In a significant Judgment, the Allahabad High Court has held that a married daughter is entitled to be considered for compassionate appointment, even though necessary amendment has not been done in rules after the Judgment to Court striking off ineligibility of married daughters.
The petitioner’s mother was inducted as an Assistant Teacher in the services of the Basic Education Board and appointed at the Primary School. She was a permanent employee and the sole breadwinner of the family, comprising her husband, aged about 63 years and three married daughters aged about 32 years, 30 years and 28 years. The petitioner’s mother died in harness due to heart attack.
The Petitioner pleaded that due to the death of her mother her family has become financially crippled. They were totally dependent on the deceased because the petitioner’s father and the deceased’s husband is an unemployed man.
She, therefore, applied for the compassionate appointment on the post of an Assistant Teacher in the Primary School, where her mother served. The petitioner asserted that she holds the necessary educational and other qualifications to be appointed as an Assistant Teacher.
However, the petitioner’s claim for compassionate appointment was ejected by an order dated 25.06.2020 passed by the District Basic Education Officer, Prayagraj on the sole ground that a married daughter of a deceased Government servant is not included in the definition of the family of the deceased under the Rules, as amended by the 9th Amendment Rules, 2011, carried in the Government Order dated 22.12.2011, issued by the Government of U.P.. Feeling aggrieved she filed a writ petition before Allahabad High Court.
Issue before the Court
Whether the judgment of this Court in Smt. Vimla Srivastava vs. State of U.P. and another [2016 (1) ADJ 21], striking down the word ‘unmarried’ in Rule 2(c) (iii) of the Rules, entitles a married daughter to a consideration of her claim for compassionate appointment without an amendment to the Rules made by the State Government, expressly including ‘married daughter’ in the expression ‘family’, defined under Rule 2(c)?
Counsel for the Petitioner submitted that the order denying compassionate appointment runs contrary to the judgment of Allahabad High Court itself in the case Smt. Vimla Srivastava vs. State of U.P. and another [2016 (1) ADJ 21], where it was held that exclusion of married daughters from the definition of ‘family’ carried in Rule 2(c) of the Rules was unconstitutional and violative of Articles 14 and 15 of the Constitution.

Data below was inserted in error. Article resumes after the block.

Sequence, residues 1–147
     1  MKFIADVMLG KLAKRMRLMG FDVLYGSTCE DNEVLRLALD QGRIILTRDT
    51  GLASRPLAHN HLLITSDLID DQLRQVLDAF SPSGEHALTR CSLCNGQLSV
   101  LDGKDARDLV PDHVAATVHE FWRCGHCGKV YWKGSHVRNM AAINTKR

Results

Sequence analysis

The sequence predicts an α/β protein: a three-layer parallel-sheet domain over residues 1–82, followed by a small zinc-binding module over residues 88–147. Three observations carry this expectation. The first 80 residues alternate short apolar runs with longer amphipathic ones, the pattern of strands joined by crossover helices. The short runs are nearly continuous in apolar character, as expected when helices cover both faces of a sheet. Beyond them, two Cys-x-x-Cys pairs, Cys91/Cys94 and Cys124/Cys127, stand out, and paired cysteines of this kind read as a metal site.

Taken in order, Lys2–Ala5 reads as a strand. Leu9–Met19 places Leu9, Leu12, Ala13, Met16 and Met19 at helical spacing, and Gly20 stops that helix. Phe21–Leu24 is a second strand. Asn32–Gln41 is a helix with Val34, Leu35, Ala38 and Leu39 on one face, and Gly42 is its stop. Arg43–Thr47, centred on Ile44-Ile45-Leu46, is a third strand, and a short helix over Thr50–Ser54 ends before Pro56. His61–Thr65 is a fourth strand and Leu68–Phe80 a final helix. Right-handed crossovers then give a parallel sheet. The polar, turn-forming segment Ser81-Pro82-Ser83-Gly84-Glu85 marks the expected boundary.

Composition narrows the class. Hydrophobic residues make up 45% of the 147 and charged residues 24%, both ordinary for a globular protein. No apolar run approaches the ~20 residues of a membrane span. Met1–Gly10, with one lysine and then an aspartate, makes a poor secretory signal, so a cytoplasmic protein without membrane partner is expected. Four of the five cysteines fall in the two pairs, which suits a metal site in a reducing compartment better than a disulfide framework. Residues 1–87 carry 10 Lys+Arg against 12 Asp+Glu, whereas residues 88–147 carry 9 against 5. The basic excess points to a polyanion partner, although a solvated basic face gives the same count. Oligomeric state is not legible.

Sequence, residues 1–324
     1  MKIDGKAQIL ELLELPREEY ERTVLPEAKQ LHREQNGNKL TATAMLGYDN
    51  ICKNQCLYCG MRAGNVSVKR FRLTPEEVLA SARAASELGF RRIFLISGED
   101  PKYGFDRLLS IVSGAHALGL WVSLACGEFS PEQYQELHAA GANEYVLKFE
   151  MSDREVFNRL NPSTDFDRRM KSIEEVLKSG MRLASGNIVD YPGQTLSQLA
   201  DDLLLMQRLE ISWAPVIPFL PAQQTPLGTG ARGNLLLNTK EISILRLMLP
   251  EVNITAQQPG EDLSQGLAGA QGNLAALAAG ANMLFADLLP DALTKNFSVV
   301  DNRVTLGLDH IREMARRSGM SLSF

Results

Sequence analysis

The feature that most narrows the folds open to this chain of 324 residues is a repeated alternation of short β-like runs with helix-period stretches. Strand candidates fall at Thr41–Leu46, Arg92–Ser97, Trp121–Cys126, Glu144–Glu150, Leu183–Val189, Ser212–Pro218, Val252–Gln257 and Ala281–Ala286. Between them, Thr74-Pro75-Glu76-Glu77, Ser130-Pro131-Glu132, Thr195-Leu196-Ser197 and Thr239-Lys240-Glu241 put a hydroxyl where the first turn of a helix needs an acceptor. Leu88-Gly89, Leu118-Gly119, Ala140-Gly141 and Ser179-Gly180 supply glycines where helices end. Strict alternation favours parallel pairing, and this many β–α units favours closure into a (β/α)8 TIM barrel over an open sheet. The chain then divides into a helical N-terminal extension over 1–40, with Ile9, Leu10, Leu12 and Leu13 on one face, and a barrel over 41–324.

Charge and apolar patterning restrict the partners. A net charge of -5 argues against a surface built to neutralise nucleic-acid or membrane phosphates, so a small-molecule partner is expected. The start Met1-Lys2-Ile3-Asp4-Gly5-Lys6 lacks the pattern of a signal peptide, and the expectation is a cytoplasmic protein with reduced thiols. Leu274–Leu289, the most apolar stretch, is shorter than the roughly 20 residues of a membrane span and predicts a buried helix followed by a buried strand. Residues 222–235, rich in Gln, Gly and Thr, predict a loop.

Further submission was that once the Court has struck down the word “married daughter” it
no longer survives in the statute book and the rules, as they stand, do not require any further amendment to consider a married daughter’s right to compassionate appointment.
The Government counsel opposed the writ petition and submitted that notwithstanding the declaration made by the Court that Section 2(c) (iii) is unconstitutional and void to the extent that it carries the word ‘unmarried’, qualifying the word ‘daughter’, an unmarried daughter cannot be considered for compassionate appointment, unless the State appropriately amends the provisions of Rule 2(c) in accordance with the judgment of this Court.
Decision of Court
Hon’ble Justice JJ Munir of Allahabad High Court observed:
The principle is well settled that once a statute, particularly, a post Constitution Statute, governed by Clause (2) of Article 13, is declared unconstitutional for the violation of a fundamental right, it is rendered void. It is for all purposes rendered completely ineffectual, even if it lingers on, on the Statute Book as a dead letter. This issue has been the subject matter of pronouncement by high authority in the Constitution Bench decisions of the Supreme Court in Saghir Ahmad v. State of U.P. & Others and any other Judgments.
The broad principle deducible is that a post Constitution statute declared void for contravening a Part III right is rendered completely unenforceable. These subtle aspects, if any, about the difference in the statute (a post Constitution law) being declared void on account of violation of a fundamental right on one hand and legislative competence on the other, need not trouble this Court, for they do not arise on the facts here.
Thus, in the definition of ‘family’ occurring under Section 2(c) (iii), the word ‘daughter’ is to be read without the pre-fixed qualification ‘unmarried’. The effect of the declaration, therefore, is that the Rule is to be read as one including ‘daughter’ in Rule 2(c) (iii), whether married or unmarried.
A judgment of the Court declaring a statute void for the contravention of a fundamental right works to grant a declaration proprio vigore, rendering the provision invalidated; effaced for all intents and purposes. It does not certainly require legislative compliance to give it effect.
In the result the Allahabad High Court allowed the Writ Petition and quashed the order by means of which the claim of compassionate appointment was rejected. A Mandamus has been issued to consider the claim of Petitioner afresh in accordance with law.
Title: Manjul Srivastava vs State of U.P. and Others
Case No. WRIT – A No. – 10928 of 2020